Ask Paul: I'm divorcing my husband of 30 years and can't afford a house


I'm a 50-year-old woman just divorcing my husband of 30 years. We are selling our family home in Sydney.

We have two children, 17 and 19, at school and university. The children will live with me as their father is moving to a different state. I can't afford to buy a three-bedroom home 
near the school.  

I work full-time and earn $107,000 before tax and will have about $500,000 in cash. I will also receive minimal child support.

ask paul getting a divorce trying to buy a house

I am thinking of either buying a two-bedroom unit for about $800,000 as an investment now, with the aim to move into in five years when the kids have moved out, and rent a three-bedroom for about $750 a week in the meantime. 

Alternatively, I could buy two investment properties in Adelaide or regional Australia, either outright or with small mortgages to offset costs. Or possibly one unit in Sydney for $800,000 and a cheap one elsewhere. Or I could even put some in shares or bonds.

What would the best option be for me? I am very confused. - Kim

You are not alone when it comes to being confused by big money decisions like these, Kim. In fact, you are in the majority, in particular in the middle of changing circumstances.

I can only give you some general information in a brief answer like this, but I am confident to say a couple of things. First, you are right to focus on owning a property that is there for your future.

Second, I would agree with owning a property that you think you will live in. It sounds like your future for the next five years at least is Sydney. Are your family, relatives and friends in Sydney or Adelaide? This one is very hard to predict, but as your kids will study in Sydney, do you think they will end up here or Adelaide?

Adelaide is a city I like a lot, and if you think it is your future, buying there makes sense.

Things are quite different now, with regional areas doing well due to COVID, but historically property does best in our big cities with job growth, public transport, hospitals, entertainment and so on. I am not so concerned about shares and bonds right now. You plan to keep working and your super will help you build wealth in these areas.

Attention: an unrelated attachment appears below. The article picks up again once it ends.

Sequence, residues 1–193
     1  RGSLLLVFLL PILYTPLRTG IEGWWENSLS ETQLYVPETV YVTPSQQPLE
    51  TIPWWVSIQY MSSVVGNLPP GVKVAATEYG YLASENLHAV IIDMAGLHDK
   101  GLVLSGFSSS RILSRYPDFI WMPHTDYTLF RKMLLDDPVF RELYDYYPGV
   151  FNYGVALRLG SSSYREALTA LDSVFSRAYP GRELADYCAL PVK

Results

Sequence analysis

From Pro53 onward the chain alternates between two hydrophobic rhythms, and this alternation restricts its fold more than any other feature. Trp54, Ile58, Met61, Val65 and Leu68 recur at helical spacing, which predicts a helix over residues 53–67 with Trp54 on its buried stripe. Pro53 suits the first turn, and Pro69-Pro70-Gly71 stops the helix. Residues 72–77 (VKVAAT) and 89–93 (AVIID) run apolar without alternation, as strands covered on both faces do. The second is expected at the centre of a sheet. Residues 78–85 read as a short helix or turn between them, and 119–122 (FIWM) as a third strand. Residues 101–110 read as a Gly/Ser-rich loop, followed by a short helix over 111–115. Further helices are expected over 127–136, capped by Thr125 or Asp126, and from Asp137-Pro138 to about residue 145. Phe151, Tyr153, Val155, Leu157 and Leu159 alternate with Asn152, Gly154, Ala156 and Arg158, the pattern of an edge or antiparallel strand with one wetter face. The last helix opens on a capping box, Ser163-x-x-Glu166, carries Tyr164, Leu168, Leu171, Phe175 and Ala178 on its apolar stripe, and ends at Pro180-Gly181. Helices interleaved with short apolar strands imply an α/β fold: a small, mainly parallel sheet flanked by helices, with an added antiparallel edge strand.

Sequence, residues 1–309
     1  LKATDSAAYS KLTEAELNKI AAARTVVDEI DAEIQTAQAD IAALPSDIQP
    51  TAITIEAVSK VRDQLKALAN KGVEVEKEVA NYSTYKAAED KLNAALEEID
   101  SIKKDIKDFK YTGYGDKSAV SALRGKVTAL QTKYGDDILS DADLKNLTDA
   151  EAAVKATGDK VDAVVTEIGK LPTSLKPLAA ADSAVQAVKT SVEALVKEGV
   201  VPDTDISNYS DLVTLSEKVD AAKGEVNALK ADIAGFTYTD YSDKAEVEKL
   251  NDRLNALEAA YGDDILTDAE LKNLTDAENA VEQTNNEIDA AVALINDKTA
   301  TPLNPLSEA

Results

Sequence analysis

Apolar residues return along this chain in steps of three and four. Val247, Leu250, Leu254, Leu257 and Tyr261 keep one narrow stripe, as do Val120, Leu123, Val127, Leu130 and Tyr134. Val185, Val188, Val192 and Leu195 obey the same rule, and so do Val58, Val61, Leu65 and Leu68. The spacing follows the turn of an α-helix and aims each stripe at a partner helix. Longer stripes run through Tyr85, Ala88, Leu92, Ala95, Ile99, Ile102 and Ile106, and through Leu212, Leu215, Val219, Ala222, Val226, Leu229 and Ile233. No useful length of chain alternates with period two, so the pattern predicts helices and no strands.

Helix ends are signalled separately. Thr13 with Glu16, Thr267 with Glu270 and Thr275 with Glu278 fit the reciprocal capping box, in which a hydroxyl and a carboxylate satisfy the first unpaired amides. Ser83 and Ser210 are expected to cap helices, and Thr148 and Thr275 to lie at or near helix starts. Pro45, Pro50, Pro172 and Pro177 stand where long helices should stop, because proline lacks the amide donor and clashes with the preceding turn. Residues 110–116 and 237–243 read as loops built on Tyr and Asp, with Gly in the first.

So, I'd keep it as simple as you can. If your life is in Sydney for some time, possibly forever, history says that buying a well-located apartment in this growing city will prove to be a good move.

Equally, it is so much easier to buy and own a property near where you live. If Adelaide is your future, I have no problem with you buying there.

So, your first suggestion of buying an apartment in Sydney and renting a home for a few years makes a lot of sense to me.

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Paul Clitheroe AM is founder and editorial adviser of Money magazine. He is one of Australia's leading financial voices, responsible for bringing financial insight to Australians through personal finance books, the Money TV show, and this publication, which he established in 1999. Paul is the chair of the Australian Government Financial Literacy Board and is chairman of InvestSMART Financial Services. He is the chair of Financial Literacy at Macquarie University where he is also a Professor with the School of Business and Economics. Ask Paul your money question. Unfortunately Paul cannot respond to questions posted in the comments section. View our disclaimer.